McDougall, who wrote the foreword to "The Clear Skin Diet," writes on his website that a "high-fat diet increases the amounts of fats in and on the skin," which causes acne in susceptible people. According to McDougall, dairy products, meat and poultry are known to increase insulin-like growth hormone-1, elevated levels of which are "associated with more acne."
Dr. Steven Lawenda, who lost more than 70 pounds following a plant-based diet, is a primary care physician at Kaiser Permanente Medical Group in Los Angeles. He consulted Nina and Randa Nelson for their book and admits research is still in the early stages when it comes to the role diet may play in solving acne.
"There were a number of years that it was dismissed that diet had anything to do with acne, but now it's getting more attention," he said, citing studies that have found dairy and high-glycemic foods to cause acne in many people.
The association between diet and acne remains contentious in the medical field, as the AAD statement makes clear.
Nina and Randa Nelson relied on a team of 15 chefs, medical doctors, dietitians and nutrition experts to inform their book. There is no research included in the book on the sisters' specific claims and the foods on the diet.
Lawenda said he is intrigued by research showing that when certain hormones in the body, including insulin-like growth hormone-1, are elevated, acne worsens, as do some chronic diseases.
"The diet that is healthy for acne seems to be the diet that is helpful for keeping weight down, preventing or reversing diabetes and heart disease and likely preventing many cancers," he said. "There appear to be common pathways that likely explain the links between these diseases."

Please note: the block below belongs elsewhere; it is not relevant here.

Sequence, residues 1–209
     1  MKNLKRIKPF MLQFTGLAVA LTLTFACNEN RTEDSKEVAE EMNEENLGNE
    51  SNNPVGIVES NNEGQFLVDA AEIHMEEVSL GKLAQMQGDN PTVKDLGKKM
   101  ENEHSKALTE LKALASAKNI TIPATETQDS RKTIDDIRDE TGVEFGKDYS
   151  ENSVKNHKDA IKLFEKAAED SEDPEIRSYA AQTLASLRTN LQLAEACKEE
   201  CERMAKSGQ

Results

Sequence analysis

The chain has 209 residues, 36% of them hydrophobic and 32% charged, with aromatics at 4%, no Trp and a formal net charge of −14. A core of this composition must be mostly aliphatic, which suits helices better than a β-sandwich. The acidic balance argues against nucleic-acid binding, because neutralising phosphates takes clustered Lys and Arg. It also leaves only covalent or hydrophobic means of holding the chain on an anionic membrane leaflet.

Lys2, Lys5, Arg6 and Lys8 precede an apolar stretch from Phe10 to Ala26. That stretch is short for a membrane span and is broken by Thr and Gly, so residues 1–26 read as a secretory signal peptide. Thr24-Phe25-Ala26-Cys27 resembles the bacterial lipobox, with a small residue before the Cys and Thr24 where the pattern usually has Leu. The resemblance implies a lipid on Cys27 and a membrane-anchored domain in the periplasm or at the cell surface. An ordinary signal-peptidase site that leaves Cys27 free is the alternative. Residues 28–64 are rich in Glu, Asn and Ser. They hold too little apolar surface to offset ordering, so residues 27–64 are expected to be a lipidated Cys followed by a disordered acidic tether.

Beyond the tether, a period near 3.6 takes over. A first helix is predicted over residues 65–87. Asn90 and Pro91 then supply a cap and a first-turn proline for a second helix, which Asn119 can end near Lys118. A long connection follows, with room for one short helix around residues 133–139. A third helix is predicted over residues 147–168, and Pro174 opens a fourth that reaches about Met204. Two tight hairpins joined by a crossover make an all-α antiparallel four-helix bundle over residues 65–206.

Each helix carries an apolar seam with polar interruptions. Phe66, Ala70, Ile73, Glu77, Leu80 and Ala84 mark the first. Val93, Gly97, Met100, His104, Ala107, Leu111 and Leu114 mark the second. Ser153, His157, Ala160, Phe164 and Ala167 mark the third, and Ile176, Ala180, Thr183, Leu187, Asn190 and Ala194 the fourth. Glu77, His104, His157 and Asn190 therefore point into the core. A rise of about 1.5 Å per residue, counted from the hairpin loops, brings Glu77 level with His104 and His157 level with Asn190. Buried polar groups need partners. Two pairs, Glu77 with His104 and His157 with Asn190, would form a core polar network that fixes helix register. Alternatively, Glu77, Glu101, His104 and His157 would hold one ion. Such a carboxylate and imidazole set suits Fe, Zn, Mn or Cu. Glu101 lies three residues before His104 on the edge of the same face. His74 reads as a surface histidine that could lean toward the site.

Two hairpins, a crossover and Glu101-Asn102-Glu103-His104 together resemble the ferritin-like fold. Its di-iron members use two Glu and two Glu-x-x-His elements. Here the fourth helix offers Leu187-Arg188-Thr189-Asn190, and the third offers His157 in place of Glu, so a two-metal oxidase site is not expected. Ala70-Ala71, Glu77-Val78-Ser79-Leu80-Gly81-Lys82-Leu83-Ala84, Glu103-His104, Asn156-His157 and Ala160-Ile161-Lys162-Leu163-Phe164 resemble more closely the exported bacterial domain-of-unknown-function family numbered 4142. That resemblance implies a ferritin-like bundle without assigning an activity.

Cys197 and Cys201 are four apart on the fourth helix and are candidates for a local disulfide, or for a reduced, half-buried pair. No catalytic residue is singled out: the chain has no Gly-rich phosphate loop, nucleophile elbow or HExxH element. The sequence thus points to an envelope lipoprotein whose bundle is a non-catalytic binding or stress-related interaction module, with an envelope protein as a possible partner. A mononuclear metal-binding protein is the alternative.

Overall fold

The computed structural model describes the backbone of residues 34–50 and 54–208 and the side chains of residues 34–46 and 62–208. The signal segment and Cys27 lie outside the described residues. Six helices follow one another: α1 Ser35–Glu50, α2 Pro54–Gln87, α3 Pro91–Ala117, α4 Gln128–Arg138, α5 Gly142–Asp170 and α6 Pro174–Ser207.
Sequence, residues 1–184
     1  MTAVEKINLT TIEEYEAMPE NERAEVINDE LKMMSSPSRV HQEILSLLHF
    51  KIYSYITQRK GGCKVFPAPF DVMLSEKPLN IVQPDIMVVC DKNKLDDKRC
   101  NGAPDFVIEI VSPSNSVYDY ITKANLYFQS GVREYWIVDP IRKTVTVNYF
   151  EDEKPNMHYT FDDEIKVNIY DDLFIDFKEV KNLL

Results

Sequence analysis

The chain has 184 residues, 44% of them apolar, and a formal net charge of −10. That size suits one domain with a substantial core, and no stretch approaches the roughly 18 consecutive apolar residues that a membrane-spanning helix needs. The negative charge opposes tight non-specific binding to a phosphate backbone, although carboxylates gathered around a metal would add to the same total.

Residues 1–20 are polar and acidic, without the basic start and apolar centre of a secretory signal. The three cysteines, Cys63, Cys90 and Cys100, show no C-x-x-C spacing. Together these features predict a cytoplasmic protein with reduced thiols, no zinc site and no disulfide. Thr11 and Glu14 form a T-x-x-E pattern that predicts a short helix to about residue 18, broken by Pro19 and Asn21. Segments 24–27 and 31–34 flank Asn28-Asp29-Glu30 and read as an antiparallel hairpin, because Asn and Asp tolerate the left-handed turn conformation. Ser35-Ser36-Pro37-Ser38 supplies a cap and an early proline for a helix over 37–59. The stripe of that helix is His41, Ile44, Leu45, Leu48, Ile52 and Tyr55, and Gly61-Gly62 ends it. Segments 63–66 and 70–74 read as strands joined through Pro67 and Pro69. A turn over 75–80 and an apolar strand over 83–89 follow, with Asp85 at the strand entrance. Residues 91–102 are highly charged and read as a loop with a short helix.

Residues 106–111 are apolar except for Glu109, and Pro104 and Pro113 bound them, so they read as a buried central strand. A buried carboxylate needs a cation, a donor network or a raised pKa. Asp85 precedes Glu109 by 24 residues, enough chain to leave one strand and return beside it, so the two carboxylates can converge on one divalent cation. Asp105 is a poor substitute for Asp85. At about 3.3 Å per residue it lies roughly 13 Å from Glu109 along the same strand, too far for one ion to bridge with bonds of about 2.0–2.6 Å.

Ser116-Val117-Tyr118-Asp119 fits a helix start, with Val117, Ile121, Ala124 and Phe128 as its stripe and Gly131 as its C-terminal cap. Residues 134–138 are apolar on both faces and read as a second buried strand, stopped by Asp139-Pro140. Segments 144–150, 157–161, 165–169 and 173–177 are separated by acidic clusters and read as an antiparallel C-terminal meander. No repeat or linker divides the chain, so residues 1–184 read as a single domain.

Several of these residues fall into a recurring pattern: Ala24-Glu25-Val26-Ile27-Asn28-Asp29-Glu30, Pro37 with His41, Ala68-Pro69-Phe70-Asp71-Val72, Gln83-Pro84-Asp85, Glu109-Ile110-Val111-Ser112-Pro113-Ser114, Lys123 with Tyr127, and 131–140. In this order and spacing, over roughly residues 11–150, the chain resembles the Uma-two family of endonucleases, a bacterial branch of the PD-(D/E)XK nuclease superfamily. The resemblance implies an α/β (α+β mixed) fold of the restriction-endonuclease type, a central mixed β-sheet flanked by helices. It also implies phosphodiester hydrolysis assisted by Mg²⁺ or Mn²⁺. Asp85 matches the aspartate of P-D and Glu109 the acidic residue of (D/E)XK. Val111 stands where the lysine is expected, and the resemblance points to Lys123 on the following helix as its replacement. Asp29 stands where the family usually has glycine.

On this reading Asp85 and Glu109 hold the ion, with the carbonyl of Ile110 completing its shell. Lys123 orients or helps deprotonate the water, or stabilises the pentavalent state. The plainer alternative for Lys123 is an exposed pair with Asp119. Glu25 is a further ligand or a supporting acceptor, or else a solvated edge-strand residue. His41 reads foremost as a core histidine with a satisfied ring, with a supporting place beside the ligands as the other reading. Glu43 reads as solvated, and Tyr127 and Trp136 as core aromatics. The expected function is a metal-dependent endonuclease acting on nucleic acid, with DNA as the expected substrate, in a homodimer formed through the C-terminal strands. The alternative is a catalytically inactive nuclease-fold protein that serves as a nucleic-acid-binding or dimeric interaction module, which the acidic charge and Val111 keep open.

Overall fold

'I can fix this. It's going to be okay.'
Nina and Randa Nelson decided to write a book after getting an overwhelming amount of feedback when they shared their story on YouTube.
"We realized this could help a lot of people," said Nina Nelson. "It's truly life-changing."
While writing their book, the Nelsons conducted study groups with students at a local college. They recruited students by holding up signs featuring Nina Nelson's before and after photos.
In their first study group, the sisters recruited around 15 people who attended weekly meetings, followed a low-fat, plant-based diet and were evaluated medically by Lawenda.
In the second study group, in 2016, the sisters had 130 participants.
"I noticed, over the course of a month, that they had significant improvements in their acne and felt better," said Lawenda, who monitored both study groups. "I was able to witness the before and afters firsthand."
The key to success, according to the Nelsons and Lawenda, is to strictly follow the low-fat, plant-based diet plan for at least six weeks.
"We suggest that people try the diet long enough to clear their skin and then if they want to add [other foods] back in, that's fine," said Randa Nelson. "And some people, they can successfully add fats in and their skin is fine, but other people breakout, so it just depends [on the individual]."
The Nelsons' six-week plan may not be easy to follow for many. It calls for getting just 10 percent of calories from fat, while the typical American diet gets around 35 percent of calories from fat, according to their book.
Foods ranging from avocados to vegetable oil, peanut butter, yogurt, ice cream, soy, olives, hummus, coconut and nuts and seeds are not allowed on the Nelsons' plan. Fruits, vegetables, and starches -- from whole grain sources -- are encouraged at whatever quantity it takes to feel satisfied.
"When you feel hungry, eat," the sisters write in "Clear Skin Diet," which is on sale now. "Don't worry about whether you ate two hours ago, or what time you may want to eat. Hungry at midnight? Eat at midnight."
The benefit of pursuing a remedy for acne via diet, according to Nina Nelson, is that it gives the person suffering from acne a sense of control.
"It's nice to know you can take control," she said. "If you're dealing with a breakout, you can be like, 'I can fix this. It's going to be OK.'"